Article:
It is rare these days for adult Americans to have a profound nutrient deficiency, as most people have too much nutrition in the form of unused energy versus the energy they are expending. Our body had to store the extra energy somewhere and it went to our abdomen, hips, and other lovely places as fat stores. We don’t usually get disease because of vitamin and mineral deficiencies, we get them because of excess energy in the form of triglycerides on our overweight bodies.
Before the 1900’s, people died from deficiencies because they weren’t knowledgeable about nutrition, and didn’t realize the importance of certain foods in their diet to provide essential nutrients. For instance, many sailors died on long voyages as late as the 18th century from scurvy, because it wasn’t known how important vitamin C is to one’s health and survival. If only they had some citrus aboard those vessels in the early days, they could have avoided those deaths, and the term British ‘limeys’ never would have come into vogue.
Even if one doesn’t eat fresh fruit and vegetables these days, they can still survive, as many of our staple foods are fortified to give us the basic nutrients necessary for our body’s basic functioning. Cereals that have been stripped of most of their vitamins and minerals through processing have been fortified with some essential nutrients, our salt is supplemented with iodine so we don’t get hyperthyroidism, and calcium is added to some orange juice in hopes of avoiding bone problems in our population.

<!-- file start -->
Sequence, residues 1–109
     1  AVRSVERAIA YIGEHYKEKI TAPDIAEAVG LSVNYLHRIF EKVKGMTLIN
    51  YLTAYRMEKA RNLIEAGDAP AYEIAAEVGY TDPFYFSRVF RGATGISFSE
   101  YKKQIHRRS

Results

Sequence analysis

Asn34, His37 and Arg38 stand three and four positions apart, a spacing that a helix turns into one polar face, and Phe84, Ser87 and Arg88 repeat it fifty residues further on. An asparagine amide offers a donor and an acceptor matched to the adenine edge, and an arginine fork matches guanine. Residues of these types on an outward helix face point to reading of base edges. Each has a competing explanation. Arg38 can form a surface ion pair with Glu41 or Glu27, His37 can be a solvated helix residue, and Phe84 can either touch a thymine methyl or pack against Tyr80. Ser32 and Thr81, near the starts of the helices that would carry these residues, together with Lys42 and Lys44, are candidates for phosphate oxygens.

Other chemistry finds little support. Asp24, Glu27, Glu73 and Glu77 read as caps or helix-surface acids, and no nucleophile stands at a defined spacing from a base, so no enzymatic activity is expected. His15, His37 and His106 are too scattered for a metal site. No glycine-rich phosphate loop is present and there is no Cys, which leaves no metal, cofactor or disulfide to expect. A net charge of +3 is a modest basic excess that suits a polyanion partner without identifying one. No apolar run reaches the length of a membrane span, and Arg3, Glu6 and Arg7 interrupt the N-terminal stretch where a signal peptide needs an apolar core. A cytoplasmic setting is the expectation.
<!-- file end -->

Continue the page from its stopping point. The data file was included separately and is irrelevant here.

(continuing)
It is through constant exposure to drink and food products today, and the sheer volume of our intake of them, that we get the necessary minimum vitamins and minerals that our bodies need. When foreigners come to the U.S. they are stunned at how cheap our food is here, and how big the portions are. Since 1960, our dinner plates have increased in size 36%. Today, those who are deficient in a vitamin or mineral are usually at a life stage that requires more, i.e. pregnant women need more iron and older people need more vitamin D, or they have caused it through their chosen behavior, i.e. vegetarian women and women smokers can get iron deficiencies, and vegans can become calcium deficient as they don’t eat dairy.
It is our over-consumption of empty calories however, seen in processed, packaged, and fast food with little nutrition other than lots of the macronutrients of fat, protein, and carbohydrates, that leaves us overweight and unhealthy. It can be argued that some become obese because their bodies are looking for more of what they need, left unfulfilled from eating these empty calories. They get hungry quicker and aren’t satisfied for long as their bodies are looking for more micronutrients, as well as mistaking their unquenched thirst for hunger. They eat twice what they need to get the proper nutrition, becoming overweight in the process.
We need to eat more nutritionally dense, whole, fresh foods, in order to quiet the cravings. You can quiet your cravings by eating 3,000 calories of crap, or you can eat 1800 calories of nutritionally dense food that will satisfy you even better.
Here are some tips to quiet the never ending caloric wanting within:
1) Drink a glass of water before you eat.
2) Rest between bites and put your fork down, this way you will realize you are full sooner than you think.